- Ford avoided having to contend with labor strikes on both sides of the U.S.-Canadian border Tuesday night, announcing a tentative deal with Canadian union Unifor covering 5,600 automaker workers.
- The two sides announced the agreement, which must still be ratified by members, hours before an extended deadline of 11:59pm on Tuesday.
- Ford and Unifor declined to immediately disclose details of the agreement.
Lana Payne speaks to delegates after being elected president of UNIFOR, Canada’s largest private sector union, at the Metro Toronto Convention Center on August 10, 2022.
Richard Lawtens | toronto star | Getty Images
DETROIT — Ford Motor Co. avoided having to contend with labor strikes on both sides of the U.S.-Canada border Tuesday night, as the automaker and Canadian union Unifor announced a tentative agreement covering 5,600 auto workers in the country’s Ontario province.
The Detroit automaker and the union announced the agreement — which still must be ratified by members — hours before an extended 11:59 p.m. deadline on Tuesday. The two sides extended the talks for 24 hours following Ford’s last-minute proposal to Unifor on Monday evening.
The Canadian tentative agreement was reached on the fifth day the United Auto Workers union launched targeted strikes against Ford and city rivals such as General Motors and Stellantis, Chrysler’s parent company.
The Unifor strike would have affected Ford’s Oakville assembly plant, which produces the Ford Edge and Lincoln Nautilus crossovers, as well as two engine plants that produce V8 engines used in key products such as the Ford F-Series trucks and the powerful Mustang.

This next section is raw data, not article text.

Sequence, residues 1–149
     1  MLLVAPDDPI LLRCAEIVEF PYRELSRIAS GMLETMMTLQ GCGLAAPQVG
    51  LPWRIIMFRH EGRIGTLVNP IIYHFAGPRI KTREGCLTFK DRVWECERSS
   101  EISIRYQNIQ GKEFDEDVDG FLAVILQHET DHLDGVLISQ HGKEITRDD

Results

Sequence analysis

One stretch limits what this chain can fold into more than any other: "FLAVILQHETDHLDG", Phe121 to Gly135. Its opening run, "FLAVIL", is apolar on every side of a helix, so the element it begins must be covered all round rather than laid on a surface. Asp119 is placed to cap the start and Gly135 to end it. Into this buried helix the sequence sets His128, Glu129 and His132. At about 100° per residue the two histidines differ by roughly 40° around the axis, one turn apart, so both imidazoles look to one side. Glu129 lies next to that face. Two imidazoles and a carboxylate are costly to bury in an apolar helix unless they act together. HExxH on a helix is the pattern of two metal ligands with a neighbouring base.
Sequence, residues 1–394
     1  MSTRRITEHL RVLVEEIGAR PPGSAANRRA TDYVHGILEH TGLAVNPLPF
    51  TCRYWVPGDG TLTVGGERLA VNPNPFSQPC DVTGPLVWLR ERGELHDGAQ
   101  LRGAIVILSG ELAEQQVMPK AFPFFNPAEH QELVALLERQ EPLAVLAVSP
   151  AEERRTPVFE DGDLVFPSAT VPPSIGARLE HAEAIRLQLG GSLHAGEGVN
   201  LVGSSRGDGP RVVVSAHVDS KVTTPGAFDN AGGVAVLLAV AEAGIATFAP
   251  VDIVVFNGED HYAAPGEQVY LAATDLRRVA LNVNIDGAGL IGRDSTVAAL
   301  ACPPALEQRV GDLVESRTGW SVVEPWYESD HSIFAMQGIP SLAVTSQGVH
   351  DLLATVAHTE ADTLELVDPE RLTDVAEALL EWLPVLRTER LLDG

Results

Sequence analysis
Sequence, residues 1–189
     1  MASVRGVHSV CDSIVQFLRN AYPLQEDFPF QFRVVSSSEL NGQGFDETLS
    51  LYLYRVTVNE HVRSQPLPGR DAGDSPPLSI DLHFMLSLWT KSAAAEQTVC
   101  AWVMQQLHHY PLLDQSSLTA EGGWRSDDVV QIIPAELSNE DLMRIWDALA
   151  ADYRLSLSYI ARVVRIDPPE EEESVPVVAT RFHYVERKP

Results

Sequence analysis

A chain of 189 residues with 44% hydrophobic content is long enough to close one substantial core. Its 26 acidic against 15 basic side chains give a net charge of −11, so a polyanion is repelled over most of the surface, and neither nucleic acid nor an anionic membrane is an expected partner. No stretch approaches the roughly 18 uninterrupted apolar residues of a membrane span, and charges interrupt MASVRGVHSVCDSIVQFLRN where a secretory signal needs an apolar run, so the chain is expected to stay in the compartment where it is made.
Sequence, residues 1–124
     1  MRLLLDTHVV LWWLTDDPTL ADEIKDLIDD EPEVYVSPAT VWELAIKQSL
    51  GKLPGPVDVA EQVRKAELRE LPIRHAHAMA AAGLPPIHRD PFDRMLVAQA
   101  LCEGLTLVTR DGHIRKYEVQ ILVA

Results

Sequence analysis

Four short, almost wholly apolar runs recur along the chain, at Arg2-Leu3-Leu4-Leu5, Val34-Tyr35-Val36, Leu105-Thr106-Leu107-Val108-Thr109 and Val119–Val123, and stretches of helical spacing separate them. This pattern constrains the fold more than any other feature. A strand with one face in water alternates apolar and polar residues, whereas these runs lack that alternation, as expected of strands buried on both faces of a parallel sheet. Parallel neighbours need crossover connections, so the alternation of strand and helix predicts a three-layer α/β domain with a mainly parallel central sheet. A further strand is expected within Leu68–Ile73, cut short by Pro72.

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Ford and Unifor declined to immediately disclose details of the agreement, which Lana Payne, the union’s national president, said “addresses all of the items raised by members in preparation for this round of collective bargaining.”
“We believe this agreement will strengthen the foundations on which we will continue to bargain for gains for generations of auto workers in Canada,” she said. In the current situation Tuesday night.
Unifor, which represents 18,000 Canadian workers at automakers in Detroit, took a more traditional approach to its negotiations compared to its American counterpart. The Canadian union chose Ford as the “target” company rather than follow the UAW’s new strategy of bargaining with the three automakers. It also announced a traditional national strike, if necessary, instead of a targeted strike.
The union is expected to publish details of the agreement to members in the coming days, followed by a vote. If the deal is ratified, it will be used as a model for Unifor to negotiate with GM and Stellantis.
Ford will now focus on its talks with the UAW. Sean Fine, the union’s president, said Monday that the union would announce additional strikes at U.S. factories if Detroit automakers don’t make “serious progress” in negotiations by noon EDT Friday.
There are currently approximately 12,700 UAW workers on strike at GM’s midsize truck plant and large truck plant in Wentzville, Missouri. Ford Ranger midsize and Bronco SUVs are manufactured in Wayne, Michigan; and Stellantis’ Jeep Wrangler and Gladiator plant in Toledo, Ohio.
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